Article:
Disruption in the Pharmacy Industry: What’s Next?
Posted by: Gerald “Pharmacist Jerry” Finken, RPH, MS; Contributor: Meghan Mosser
Several articles have been published about CVS buying the insurance company Aetna, including the Wall Street Journal. The article claimed there was a hidden reason behind this venture. That hidden reason was summed up in one word: Amazon. In my opinion, this is correct.
Two major healthcare companies are joining forces to likely compete against a major “digital” giant, currently in the beginning stages of disrupting the pharmacy industry. By merging will this new entity be able to maintain its command of the pharmacy industry? Or will it join the ranks of other legacy companies that didn’t quite understand from where the next wave of disruption could come in their industries?
While attending the 25th Annual A4M conference in Las Vegas, I had the opportunity to listen to Dr. Peter H. Diamandis give his keynote address titled, “The Coming of Abundance – Understanding Humanity’s Future”. During his presentation he spoke about two CEOs who had failed to admit how a technological disruption would affect their companies. Those companies were Kodak and Blockbuster Video. The former didn’t foresee the future of digital photography and the latter didn’t foresee the success of Netflix. Today, Kodak and Blockbuster are no longer household names.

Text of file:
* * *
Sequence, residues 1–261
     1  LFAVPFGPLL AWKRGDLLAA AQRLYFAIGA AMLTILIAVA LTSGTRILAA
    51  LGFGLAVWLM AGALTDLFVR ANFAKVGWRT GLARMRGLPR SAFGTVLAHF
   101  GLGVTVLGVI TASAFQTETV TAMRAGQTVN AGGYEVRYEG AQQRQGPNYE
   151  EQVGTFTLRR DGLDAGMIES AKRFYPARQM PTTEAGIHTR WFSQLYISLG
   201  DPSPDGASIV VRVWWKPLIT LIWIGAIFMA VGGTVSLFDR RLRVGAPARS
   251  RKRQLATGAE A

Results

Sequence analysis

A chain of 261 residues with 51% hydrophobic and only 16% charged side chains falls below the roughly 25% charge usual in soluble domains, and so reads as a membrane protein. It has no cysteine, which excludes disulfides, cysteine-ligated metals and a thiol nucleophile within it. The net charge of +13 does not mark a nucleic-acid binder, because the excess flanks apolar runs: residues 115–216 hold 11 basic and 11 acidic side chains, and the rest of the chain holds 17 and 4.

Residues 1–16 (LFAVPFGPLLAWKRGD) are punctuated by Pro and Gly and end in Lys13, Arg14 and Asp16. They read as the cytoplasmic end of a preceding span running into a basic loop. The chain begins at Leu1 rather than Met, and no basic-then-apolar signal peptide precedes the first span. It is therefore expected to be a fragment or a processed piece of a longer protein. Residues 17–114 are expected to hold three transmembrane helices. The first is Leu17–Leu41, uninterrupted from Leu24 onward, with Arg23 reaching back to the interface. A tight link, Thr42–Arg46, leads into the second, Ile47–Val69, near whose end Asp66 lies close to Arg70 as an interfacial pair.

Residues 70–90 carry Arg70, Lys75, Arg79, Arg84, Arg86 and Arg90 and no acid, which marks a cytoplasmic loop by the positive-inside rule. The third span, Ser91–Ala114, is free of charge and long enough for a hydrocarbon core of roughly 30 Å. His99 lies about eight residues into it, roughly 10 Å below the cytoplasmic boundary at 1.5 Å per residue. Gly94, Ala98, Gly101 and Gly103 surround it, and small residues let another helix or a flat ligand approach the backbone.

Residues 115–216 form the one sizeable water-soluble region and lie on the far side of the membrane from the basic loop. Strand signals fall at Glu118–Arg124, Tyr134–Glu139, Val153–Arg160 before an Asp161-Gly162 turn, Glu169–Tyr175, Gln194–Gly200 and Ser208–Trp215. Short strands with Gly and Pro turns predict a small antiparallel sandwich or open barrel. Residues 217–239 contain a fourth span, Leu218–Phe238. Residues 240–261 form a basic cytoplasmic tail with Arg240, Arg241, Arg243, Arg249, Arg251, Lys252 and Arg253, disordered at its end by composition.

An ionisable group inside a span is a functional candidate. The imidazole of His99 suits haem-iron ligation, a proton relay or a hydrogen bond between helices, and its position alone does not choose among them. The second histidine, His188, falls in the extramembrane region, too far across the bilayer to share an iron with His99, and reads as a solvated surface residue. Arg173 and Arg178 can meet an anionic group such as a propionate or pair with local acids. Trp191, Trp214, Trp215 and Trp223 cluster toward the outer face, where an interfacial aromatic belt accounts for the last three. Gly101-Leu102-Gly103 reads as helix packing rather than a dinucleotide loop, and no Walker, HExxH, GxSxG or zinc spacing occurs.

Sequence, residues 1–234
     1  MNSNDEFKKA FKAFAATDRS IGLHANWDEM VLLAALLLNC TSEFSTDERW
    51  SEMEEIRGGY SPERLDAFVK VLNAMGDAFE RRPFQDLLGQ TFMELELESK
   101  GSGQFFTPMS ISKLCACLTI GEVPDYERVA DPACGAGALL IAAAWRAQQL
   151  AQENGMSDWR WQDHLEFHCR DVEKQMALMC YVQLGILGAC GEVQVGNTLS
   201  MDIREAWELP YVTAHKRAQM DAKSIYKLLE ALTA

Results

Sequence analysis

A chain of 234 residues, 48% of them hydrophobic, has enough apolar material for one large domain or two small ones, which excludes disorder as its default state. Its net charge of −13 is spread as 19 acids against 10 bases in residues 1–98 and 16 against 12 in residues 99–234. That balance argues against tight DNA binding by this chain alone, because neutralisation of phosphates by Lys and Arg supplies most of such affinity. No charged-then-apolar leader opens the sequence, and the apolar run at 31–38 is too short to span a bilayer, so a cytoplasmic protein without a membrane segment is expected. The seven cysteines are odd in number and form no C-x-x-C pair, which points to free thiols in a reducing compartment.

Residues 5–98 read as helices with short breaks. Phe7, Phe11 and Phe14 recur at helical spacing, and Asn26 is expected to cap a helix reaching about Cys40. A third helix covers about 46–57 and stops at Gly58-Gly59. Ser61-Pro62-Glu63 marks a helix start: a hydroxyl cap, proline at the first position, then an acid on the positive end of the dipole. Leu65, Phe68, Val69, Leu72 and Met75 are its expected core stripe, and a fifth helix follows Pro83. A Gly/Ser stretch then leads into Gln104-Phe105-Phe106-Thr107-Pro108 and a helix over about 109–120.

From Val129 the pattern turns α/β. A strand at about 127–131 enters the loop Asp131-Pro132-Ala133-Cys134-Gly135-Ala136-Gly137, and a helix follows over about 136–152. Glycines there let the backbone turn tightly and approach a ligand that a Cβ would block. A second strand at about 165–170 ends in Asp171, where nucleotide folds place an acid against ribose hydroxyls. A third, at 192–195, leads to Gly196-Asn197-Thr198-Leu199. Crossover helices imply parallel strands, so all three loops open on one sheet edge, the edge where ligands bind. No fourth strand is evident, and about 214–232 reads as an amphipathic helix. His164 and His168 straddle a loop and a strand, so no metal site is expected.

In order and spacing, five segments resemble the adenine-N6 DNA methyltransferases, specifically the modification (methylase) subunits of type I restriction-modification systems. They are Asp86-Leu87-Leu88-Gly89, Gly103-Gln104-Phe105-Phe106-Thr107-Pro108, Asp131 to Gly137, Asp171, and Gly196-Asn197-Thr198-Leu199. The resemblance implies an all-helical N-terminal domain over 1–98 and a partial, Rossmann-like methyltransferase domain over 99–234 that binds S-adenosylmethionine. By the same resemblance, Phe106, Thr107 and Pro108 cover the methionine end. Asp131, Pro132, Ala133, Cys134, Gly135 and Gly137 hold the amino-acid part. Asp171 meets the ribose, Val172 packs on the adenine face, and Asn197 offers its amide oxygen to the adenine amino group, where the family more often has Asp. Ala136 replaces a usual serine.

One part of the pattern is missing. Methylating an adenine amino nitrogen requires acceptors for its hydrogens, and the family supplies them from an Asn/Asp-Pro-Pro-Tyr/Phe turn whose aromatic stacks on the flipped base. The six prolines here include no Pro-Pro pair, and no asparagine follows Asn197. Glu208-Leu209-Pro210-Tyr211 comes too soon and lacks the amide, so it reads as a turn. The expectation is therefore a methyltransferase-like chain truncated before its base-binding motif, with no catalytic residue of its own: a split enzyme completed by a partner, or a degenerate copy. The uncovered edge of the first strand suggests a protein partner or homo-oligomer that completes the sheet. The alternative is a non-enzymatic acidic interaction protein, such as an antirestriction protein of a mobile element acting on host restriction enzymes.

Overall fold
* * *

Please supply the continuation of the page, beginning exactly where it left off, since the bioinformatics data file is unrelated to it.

Pharmacies and insurance companies, as well as pharmacy benefit managers (PBM), have grown to be very successful like Kodak and Blockbuster had been. Conversely, they have made disruption possible by commoditizing dispensing practices. Unfortunately, they have done this by reducing the role and importance of the pharmacist to simply a “dispenser” with the fee based upon the ever-elusive average wholesale price.
Mr. Melo cites this dispensing role of the pharmacist as the key barrier to entry for a company like Amazon to get into the prescription business noting how much time pharmacists spend on this responsibility: “You’ve got more than 90% of prescriptions that are covered by some type of third party insurance, so there’s an awful lot of work that exists between pharmacists working with payers and physicians to provide that care.” Should this be an accepted reality?
I believe that a pharmacist’s time could be better spent. As a pharmacist looking for disruption, I see this “working with payers” role better suited for the PBMs and insurance industry rather than the pharmacist professional. It is this aspect of pharmacy, not the practice of pharmacy, that could easily be disrupted by technology and the internet. The question that should be asked and answered by today’s legacy companies is how and when the internet will take over the role of the current buyer/seller model? Now that pharmacies have been commoditized, companies looking for disruption could use the internet to negotiate directly with the generic and pharmaceutical companies and deliver this “commoditized” product directly to the consumer and by-pass all the middle layers.
CVS and Aetna coming together seems to be a revolutionary idea. However, Mr. Melo doesn’t seem to be concerned about a disrupter like Amazon because of the perceived barriers of entry. One must wonder, will CVS and Aetna pave a new way for the future? Or, will history repeat itself like it often does?